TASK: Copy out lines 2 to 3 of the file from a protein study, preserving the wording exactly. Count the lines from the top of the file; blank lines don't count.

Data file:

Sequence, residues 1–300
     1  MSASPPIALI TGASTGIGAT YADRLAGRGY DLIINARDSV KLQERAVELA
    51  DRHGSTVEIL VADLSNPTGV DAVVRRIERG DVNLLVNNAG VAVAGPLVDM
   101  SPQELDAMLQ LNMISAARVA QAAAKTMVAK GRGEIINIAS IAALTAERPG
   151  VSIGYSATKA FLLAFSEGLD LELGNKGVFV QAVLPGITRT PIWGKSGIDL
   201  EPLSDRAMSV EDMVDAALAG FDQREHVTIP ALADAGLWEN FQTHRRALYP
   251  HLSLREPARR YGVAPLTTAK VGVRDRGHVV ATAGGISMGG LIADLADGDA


     1  MSASPPIALI TGASTGIGAT YADRLAGRGY DLIINARDSV KLQERAVELA
    51  DRHGSTVEIL VADLSNPTGV DAVVRRIERG DVNLLVNNAG VAVAGPLVDM